Country time: Catskills builder constructs dream homes at low prices
The pitch sounds like an infomercial. Build your own home, pick the land, house color and all vintage fixtures, starting right this second, for as little as $180,000.
But it’s as real as the reclaimed wood on your new bedroom door. In the past 10 years, more than 100 homes have been sold to New York metro-area residents. Almost all of them pinch themselves after settling in to these houses on 5-acre-plus sites in New York’s Sullivan and Ulster Counties.
The brainchild of design-and-build expert Charles Petersheim (shown at right in the photo above alongside cottage owner Bryce Boyd), Catskill Farms has perfected new-construction cottages and farmhouses for people who can spot a good real-estate deal. Guitarist Albert Hammond of the Strokes, Gavin McGinnis from Vice magazine and comic David Cross have bought homes from Petersheim. So have a gay New York City police officer, Brooklyn playwright, guerrilla researcher, chemist, MoMA curator, Broadway composer and New York City sanitation worker.
Bluestone hardwood floors and open space beckon in a farmhouse (Catskills Farms)
“I want to build beautiful and functional homes for real people,” says Petersheim, who left the city after losing a construction management job in the wake of Sept. 11. “I started this when everyone was building mega-mansions and people were driving Hummers. These homes are a response to a simpler way of life.”
Selling 12 to 14 homes per year, Petersheim works in an area of the Catskills less than 100 miles from New York. The drive past Port Jervis takes less than two hours to Barryville. Recently, he has begun to build in Saugerties near Woodstock.
Most homes have living areas like downtown lofts. All owners have an option for a finished basement. Because of the flexibility in allowing homeowners to select finishes such as doorknobs and bathroom tile, each house has individual flair. I toured 10 houses on a recent Saturday, and it became clear why people buy here. The homes make you feel like you’re part of an older America. Multiple acres of woods between houses add to the sense of getting away from it all.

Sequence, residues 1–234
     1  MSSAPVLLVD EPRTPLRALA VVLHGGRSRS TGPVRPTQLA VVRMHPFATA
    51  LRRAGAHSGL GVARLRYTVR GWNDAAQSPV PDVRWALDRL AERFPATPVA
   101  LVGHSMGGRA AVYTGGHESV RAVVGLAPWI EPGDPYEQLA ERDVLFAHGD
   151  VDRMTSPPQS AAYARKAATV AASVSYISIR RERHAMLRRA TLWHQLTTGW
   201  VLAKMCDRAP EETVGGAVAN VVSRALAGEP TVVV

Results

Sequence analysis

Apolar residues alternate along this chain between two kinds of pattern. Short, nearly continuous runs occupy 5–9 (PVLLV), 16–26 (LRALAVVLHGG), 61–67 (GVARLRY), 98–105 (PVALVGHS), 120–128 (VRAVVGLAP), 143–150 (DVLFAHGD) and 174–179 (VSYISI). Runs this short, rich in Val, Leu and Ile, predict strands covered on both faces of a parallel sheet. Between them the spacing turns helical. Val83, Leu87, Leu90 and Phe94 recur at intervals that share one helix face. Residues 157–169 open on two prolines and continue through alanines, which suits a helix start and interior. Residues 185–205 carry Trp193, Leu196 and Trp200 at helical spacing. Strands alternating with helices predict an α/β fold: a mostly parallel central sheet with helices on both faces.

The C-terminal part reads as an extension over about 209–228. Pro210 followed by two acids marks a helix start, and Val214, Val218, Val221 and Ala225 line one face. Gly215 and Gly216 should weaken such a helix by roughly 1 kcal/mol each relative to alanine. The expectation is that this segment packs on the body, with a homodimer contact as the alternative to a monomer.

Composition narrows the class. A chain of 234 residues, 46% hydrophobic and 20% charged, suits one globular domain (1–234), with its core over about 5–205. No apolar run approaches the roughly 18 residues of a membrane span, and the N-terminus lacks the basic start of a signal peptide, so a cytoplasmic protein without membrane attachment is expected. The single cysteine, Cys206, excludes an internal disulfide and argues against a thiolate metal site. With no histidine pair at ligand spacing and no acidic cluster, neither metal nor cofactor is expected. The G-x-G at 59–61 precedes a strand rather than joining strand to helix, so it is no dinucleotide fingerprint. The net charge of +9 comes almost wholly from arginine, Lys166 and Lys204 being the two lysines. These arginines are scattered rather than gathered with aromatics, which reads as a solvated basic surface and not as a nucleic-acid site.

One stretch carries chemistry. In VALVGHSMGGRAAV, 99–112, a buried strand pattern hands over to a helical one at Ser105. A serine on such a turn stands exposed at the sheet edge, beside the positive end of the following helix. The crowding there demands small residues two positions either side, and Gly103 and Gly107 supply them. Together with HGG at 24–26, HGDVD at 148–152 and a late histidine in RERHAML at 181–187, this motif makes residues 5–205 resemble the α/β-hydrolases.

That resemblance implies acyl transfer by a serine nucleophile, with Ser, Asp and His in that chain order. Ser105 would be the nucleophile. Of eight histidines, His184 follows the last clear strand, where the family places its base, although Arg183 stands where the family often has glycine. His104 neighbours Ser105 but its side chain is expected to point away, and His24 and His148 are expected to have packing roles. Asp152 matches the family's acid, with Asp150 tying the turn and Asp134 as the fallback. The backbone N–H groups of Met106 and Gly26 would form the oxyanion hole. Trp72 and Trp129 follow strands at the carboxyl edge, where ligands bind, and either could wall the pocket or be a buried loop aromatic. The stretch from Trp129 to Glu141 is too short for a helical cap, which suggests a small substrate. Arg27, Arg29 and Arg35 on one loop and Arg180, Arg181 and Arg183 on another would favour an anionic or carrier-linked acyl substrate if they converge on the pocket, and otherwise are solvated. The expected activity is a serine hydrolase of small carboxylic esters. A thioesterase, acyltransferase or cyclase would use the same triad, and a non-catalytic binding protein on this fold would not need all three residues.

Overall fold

“Homeownership is the American Dream, and these homes make that possible again,” says Petersheim, who lived in a home without heat or hot water for six months while he created the business. “The architecture is based on old ideas, but these are brand-new houses. You have none of the hassles of a fixer-upper, which can be emotional and financial drains. Eventually, I’d like to be the Apple of home building. A little more expensive, but known for high design. These are also the greenest homes out there. Everything is sourced local and is recyclable and sustainable.”
A mix of modern and antique in the living room of Greg Kalleres and Erin Matts (Catskills Farms)
Home purchases usually happen one of two ways. Someone, or a couple — almost always people renting in New York City — want to buy a dream weekend getaway but don’t want the hassle or prices of the Hamptons. Either a friend tells them about Petersheim and the houses or they find him on the Internet, where Catskills Farms has a quirky, informative and comprehensive website.
Erin Matts works in digital marketing for a beer company. After renting a weekend home in Ulster County for several years with her husband, playwright Greg Kalleres, she wanted to own. A Park Slope resident, Matts came across thecatskillfarms.com on a search for real estate in the area.
“It was obvious from the website that this guy knew what he was doing,” says Matts, who grew up in Jackson, Miss., and likes a combination of country and city life. “The houses were really attractive. We fantasize about being handy and fixing up a house one day, but that’s just not us right now.”
Matts and Kalleres purchased a yellow, midcentury, two-bedroom ranch with a red front door that cost in the low-$300,000s. It was being built when Matts came across it. The home has a deck overlooking the Pennsylvania mountains where the couple sit and read, and eat 90% of their meals.
(At left, Matts and Kalleres enjoy their view, Thomas Duncan)